University of California Wrongly Admitted 64 Wealthy and Well-Connected Students: Audit

September 22, 2020 Updated: September 22, 2020

Sixty-four wealthy and well-connected students were inappropriately admitted to the University of California (UC) as favors to donors, family, and friends, denying more qualified applicants educational opportunities, a state audit found.

The inappropriate admissions took place over a six-year period, according to Elaine Howle, the state auditor.

Those admitted included the child of a prominent alumnus, a child of a major donor, a child whose family was friends with a Regent, and a person who babysat for a colleague of the former director of undergraduate admissions.

Campus staff falsely designated 22 applicants as student-athlete recruits, either because of donations from well-connected families or as favors for them.

Campuses didn’t verify whether the recruits “were actually talented in the sport they purportedly played,” the audit stated.

Emails obtained by the auditing team showed an assistant coach telling a head coach that the family’s recruiting agent had offered a donation if their child was admitted as a student-athlete.

The assistant coach said he held off saying “thanks/no thanks” and three days later, told the agent that the head coach was “open to opportunities and would like to speak on the phone” before asking for more information about the applicant.

Epoch Times Photo
Students walk past Sather Gate on the University of California at Berkeley campus in Berkeley, Calif., May 10, 2018. (Ben Margot/AP Photo)

One campus, UC Berkley, admitted another 42 applicants through its normal admissions process based on the applicants’ connections to staff, leadership, and donors, despite the applicants not being as qualified as others who weren’t admitted.

Several parents of children attending the University of California were swept up in the prosecution of the college admissions bribery scheme last year, including Xiaoning Sui, a 48-year-old Chinese-Canadian who was charged with paying $400,000 to get her son into the system as a fake soccer recruit.

Sui agreed to plead guilty to one count of federal programs bribery this year.

Other admission-related problems were uncovered in the audit.

Two campuses have regularly admitted applicants whom reviewers identified as less competitive even as they denied admission to applicants that came more highly recommended by reviewers.

And three campuses selected hundreds of applicants for admission who had not met eligibility requirements.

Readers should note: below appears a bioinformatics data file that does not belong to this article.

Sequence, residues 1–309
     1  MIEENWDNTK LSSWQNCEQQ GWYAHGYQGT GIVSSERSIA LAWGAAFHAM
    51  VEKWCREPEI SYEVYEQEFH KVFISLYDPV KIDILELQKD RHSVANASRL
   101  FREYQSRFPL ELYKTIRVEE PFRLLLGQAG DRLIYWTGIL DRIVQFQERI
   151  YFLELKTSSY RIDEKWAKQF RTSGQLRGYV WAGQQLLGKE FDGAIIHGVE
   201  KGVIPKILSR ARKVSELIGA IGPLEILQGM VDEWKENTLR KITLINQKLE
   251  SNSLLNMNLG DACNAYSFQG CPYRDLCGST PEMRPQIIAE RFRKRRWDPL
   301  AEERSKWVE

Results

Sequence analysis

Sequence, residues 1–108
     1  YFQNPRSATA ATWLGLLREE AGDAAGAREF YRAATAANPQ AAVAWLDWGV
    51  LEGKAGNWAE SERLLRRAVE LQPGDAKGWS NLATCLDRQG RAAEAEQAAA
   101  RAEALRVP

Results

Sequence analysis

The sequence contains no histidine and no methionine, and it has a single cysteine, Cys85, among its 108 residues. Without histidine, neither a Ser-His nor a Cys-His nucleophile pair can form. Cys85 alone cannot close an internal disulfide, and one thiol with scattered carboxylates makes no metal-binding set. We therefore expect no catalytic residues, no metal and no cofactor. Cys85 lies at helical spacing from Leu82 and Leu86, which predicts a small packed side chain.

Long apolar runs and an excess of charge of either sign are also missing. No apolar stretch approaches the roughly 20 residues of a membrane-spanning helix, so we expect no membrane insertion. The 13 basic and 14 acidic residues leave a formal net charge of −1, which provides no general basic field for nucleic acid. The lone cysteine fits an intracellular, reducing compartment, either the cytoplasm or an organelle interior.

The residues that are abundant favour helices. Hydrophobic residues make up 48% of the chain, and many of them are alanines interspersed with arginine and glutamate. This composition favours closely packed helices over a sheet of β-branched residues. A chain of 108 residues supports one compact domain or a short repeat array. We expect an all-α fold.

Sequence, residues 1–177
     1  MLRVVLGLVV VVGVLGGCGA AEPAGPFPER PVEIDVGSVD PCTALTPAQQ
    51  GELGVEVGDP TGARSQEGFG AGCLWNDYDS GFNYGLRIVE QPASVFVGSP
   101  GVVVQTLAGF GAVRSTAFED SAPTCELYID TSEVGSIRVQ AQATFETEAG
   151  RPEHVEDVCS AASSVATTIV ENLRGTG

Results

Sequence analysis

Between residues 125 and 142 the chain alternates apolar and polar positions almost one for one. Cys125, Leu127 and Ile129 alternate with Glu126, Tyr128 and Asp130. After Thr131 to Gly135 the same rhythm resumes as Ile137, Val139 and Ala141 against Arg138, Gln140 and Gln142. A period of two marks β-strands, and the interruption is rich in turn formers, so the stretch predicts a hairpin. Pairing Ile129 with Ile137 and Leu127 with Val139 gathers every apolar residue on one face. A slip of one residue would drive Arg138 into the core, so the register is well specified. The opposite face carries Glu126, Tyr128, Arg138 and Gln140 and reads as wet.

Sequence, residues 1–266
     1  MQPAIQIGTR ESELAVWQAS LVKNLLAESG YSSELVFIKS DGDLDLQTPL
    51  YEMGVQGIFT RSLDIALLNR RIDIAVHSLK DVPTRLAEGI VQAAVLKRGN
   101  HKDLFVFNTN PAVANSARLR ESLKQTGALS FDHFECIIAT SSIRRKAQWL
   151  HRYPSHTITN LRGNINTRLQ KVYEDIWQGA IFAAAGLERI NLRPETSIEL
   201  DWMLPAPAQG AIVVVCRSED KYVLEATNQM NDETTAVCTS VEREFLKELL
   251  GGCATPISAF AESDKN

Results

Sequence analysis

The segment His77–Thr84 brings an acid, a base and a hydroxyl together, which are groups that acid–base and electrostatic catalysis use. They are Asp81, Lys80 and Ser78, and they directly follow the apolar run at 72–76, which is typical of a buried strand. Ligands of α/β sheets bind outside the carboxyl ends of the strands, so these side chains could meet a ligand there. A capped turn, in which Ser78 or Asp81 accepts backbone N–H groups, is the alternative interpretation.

The University of California, a state school, is composed of nine campuses. It’s considered the state’s most selective public postsecondary education system.

UC President Michael Drake said in a statement sent to The Epoch Times that the university would “swiftly address the concerns the State Auditor raised.”

“Furthermore, individuals involved in improper activities will be disciplined appropriately,” he added.

The university’s internal audits had identified many of the same issues but the new information will help the school system with its progress in rectifying the problems, according to Davis.

In an Aug. 27 letter to Howle, President Michael Drake said the university “is committed to safeguarding the integrity of its admissions practices.

“We hold ourselves to the highest standards and will take prompt action to address issues raised in the State Auditor’s draft report,” he added. “Many of the draft report’s recommendations are similar to those that our internal audits identified and presented to the Board of Regents over the past year, and that UC campuses and the Office of the President have largely implemented. The draft report identified important issues that will help us in addressing any ongoing problems.”

Howle’s office responded by saying the university’s internal audits and its recommendations “did not address significant aspects of the admissions process that we reviewed during our audit,” adding: “Furthermore, our recommendations are stronger than those made by the university’s internal audit and address serious deficiencies that it did not identify. Left unaddressed, these issues will continue to harm qualified applicants who apply to the university.”

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